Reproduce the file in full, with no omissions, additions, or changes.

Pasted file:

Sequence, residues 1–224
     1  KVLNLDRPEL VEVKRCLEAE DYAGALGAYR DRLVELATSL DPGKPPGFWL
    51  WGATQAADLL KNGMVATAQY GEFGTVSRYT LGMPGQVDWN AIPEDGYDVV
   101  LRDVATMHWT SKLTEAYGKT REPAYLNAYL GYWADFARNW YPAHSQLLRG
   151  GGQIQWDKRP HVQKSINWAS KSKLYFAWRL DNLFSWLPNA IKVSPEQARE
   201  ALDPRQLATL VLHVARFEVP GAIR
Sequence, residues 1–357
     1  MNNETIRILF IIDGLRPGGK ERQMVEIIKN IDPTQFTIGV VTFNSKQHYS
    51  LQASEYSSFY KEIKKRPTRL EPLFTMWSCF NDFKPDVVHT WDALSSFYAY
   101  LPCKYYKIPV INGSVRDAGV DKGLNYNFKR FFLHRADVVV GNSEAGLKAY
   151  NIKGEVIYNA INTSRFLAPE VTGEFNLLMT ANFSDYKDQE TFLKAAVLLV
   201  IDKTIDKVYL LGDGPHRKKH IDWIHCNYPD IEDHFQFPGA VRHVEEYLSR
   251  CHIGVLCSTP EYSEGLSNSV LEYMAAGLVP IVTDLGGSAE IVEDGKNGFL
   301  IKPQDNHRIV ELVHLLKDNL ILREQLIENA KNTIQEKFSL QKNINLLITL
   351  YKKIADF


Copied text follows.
Sequence, residues 1–224
     1  KVLNLDRPEL VEVKRCLEAE DYAGALGAYR DRLVELATSL DPGKPPGFWL
    51  WGATQAADLL KNGMVATAQY GEFGTVSRYT LGMPGQVDWN AIPEDGYDVV
   101  LRDVATMHWT SKLTEAYGKT REPAYLNAYL GYWADFARNW YPAHSQLLRG
   151  GGQIQWDKRP HVQKSINWAS KSKLYFAWRL DNLFSWLPNA IKVSPEQARE
   201  ALDPRQLATL VLHVARFEVP GAIR
Sequence, residues 1–357
     1  MNNETIRILF IIDGLRPGGK ERQMVEIIKN IDPTQFTIGV VTFNSKQHYS
    51  LQASEYSSFY KEIKKRPTRL EPLFTMWSCF NDFKPDVVHT WDALSSFYAY
   101  LPCKYYKIPV INGSVRDAGV DKGLNYNFKR FFLHRADVVV GNSEAGLKAY
   151  NIKGEVIYNA INTSRFLAPE VTGEFNLLMT ANFSDYKDQE TFLKAAVLLV
   201  IDKTIDKVYL LGDGPHRKKH IDWIHCNYPD IEDHFQFPGA VRHVEEYLSR
   251  CHIGVLCSTP EYSEGLSNSV LEYMAAGLVP IVTDLGGSAE IVEDGKNGFL
   301  IKPQDNHRIV ELVHLLKDNL ILREQLIENA KNTIQEKFSL QKNINLLITL
   351  YKKIADF